5 November 2021
One of the Assemblea sessions. At the table, Sellarès and Portabella. And in the first row, Benet and Carbonell.
Tomorrow, Sunday, marks the fiftieth anniversary of the founding act, in a Barcelona church, of the Assemblea de Catalunya, the unitary body of the Catalan anti-Francoist opposition. Its founding objectives, summed up in the slogan “Freedom, amnesty, Statute of Autonomy”, were achieved during the transition to democracy. The Assemblea was made up of political parties and trade unions that were then clandestine, professional associations, university and neighbourhood groups, and even religious organisations. The assembly that resulted from that confluence was cross-cutting and inclusive, and was organised around objectives that aroused the complicity of all those individuals and associations that yearned for the end of the dictatorship and the re-establishment of a regime of democratic freedoms.
Yesterday, the Parliament of Catalonia celebrated this fiftieth anniversary, in an official act charged with symbolism, which was held next to Antoni Tàpies’ painting 7 de novembre, inspired by the Assemblea. During the event, the President of the Catalan Parliament vindicated the founding principles of that heterogeneous but reasonably cohesive association, and seemed to want to draw parallels between the spirit of the Assemblea and that of today’s pro-independence groups. The president was right, then, to assert that the Assemblea represents values of unity and consensus. But she was wrong to draw parallels between the Assemblea’s project and those of the pro-independence movement she defends.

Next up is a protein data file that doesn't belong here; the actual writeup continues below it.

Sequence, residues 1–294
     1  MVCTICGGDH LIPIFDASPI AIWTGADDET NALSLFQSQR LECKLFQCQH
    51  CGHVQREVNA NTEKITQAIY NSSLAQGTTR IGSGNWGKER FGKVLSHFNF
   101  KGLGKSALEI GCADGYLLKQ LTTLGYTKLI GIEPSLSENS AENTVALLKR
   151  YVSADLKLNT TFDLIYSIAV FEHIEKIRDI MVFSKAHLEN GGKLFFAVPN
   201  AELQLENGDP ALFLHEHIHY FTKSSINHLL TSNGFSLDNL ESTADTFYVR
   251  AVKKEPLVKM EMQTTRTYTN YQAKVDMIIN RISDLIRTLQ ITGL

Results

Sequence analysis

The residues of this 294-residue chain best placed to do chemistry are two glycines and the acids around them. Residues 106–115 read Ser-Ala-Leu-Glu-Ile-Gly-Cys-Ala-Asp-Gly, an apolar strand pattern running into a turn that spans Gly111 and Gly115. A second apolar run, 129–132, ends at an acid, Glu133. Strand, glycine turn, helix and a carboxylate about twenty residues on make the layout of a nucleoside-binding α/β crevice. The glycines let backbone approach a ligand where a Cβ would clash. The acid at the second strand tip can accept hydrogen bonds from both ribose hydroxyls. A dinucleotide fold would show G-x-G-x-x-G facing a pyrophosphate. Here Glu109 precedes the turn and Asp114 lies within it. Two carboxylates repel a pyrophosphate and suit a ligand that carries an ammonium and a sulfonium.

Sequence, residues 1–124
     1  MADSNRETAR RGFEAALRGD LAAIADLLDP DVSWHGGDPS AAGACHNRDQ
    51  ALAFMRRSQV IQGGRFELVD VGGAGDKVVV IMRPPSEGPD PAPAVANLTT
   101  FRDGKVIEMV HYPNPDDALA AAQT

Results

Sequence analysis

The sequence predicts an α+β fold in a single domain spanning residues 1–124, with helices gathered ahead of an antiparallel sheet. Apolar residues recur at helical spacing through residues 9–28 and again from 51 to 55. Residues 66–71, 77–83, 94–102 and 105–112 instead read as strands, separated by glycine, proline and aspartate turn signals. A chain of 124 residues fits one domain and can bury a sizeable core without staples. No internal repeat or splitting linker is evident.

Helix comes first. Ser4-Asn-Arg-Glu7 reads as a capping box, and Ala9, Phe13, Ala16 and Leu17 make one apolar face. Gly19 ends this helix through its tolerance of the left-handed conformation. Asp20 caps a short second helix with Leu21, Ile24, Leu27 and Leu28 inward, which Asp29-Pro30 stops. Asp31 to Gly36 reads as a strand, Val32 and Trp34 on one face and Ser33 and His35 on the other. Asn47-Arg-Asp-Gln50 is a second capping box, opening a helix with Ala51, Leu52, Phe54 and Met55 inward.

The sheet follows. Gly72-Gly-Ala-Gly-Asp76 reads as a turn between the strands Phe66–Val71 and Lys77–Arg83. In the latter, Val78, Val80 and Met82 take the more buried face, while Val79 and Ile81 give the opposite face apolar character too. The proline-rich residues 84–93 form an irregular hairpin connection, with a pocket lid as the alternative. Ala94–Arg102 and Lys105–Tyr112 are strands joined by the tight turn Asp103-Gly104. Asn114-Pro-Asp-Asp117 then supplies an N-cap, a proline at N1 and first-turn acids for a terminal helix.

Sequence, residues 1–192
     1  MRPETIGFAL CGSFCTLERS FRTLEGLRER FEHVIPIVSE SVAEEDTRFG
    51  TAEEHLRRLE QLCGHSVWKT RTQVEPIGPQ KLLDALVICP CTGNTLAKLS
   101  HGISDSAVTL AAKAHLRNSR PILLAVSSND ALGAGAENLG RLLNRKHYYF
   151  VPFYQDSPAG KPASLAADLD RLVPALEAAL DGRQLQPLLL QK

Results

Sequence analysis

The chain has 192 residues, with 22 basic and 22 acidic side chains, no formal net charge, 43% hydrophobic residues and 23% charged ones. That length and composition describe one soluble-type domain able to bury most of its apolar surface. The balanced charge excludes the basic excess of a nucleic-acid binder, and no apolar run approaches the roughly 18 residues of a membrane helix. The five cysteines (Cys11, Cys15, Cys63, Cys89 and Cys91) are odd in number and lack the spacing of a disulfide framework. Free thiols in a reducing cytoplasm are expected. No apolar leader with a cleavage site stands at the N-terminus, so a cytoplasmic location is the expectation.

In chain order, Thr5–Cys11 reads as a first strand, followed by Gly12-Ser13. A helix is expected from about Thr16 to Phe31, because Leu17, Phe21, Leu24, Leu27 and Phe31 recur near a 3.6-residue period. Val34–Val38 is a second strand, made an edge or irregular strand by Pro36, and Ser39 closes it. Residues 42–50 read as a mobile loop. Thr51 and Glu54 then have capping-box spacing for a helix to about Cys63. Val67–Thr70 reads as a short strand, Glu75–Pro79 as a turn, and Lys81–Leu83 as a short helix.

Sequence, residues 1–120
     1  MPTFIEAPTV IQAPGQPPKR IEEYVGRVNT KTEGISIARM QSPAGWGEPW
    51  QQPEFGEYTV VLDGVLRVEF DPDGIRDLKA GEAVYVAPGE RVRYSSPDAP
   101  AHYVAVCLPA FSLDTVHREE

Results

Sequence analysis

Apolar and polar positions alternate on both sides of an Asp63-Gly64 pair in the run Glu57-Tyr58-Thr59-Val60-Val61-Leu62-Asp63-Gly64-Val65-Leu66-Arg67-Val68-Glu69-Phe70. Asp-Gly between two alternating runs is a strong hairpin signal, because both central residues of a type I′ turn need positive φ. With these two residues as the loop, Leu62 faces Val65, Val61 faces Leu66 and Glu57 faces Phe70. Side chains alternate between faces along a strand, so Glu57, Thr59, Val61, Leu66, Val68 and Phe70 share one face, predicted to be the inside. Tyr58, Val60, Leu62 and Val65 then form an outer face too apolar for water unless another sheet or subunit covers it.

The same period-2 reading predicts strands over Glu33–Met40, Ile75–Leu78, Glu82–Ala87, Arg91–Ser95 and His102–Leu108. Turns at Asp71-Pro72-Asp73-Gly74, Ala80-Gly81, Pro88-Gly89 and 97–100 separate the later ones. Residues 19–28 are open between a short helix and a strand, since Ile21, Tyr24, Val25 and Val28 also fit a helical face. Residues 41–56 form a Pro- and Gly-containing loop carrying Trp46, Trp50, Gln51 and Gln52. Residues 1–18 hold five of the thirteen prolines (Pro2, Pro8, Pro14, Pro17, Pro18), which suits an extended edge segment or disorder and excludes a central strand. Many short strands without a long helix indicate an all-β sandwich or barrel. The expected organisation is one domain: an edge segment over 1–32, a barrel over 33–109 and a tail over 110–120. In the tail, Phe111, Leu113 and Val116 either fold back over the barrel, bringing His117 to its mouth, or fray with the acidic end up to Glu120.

The unitary spirit of that platform would be very useful in this divided Catalonia.
History, despite the cliché, does not repeat itself. Or, at least, it does not repeat itself exactly. Each conjuncture has its own characteristics, which as a rule tend to be singular. There is no need to recall that in 1971, four years before the dictator’s death, there was a vindictive and hopeful atmosphere, and policies were being hatched, such as those that led to the creation of the Assemblea, in which what united the different forces was much more important than what separated them. So much so that, at that time, even the parties of internationalist obedience recognised themselves in Catalanism. The representatives of the democratic formations then forgot their differences and joined forces to create a common platform whose fruits were satisfactory.
The situation is different now. We have enjoyed a regime of freedoms for forty long years – longer than the dictatorship -, Catalonia has experienced a unilateral pro-independence process that has divided and impoverished it, and even among those in favour of secession, divergences, often profound, prevail over consensus. It would therefore seem out of place for the pro-independence movement to try to capitalise on the Assemblea’s legacy. Because the system of freedoms is already a fact, because what happened under Franco’s regime is not comparable to what is happening in democracy, and because the Statute of Autonomy does not seem to be the objective of the pro-independence movement now.
The best lesson of the Assemblea de Catalunya is that when the different political representatives join forces, the bulk of society can end up sharing their goals of progress. That was the essence of its spirit and that was its best legacy. And this unity is precisely the goal that should be achieved. But not around sovereignty, since not all of Catalan society shares its goals, but among all those who consider themselves jointly responsible for the future of this country and, therefore, are willing to put aside their differences to work together in favour of collective progress.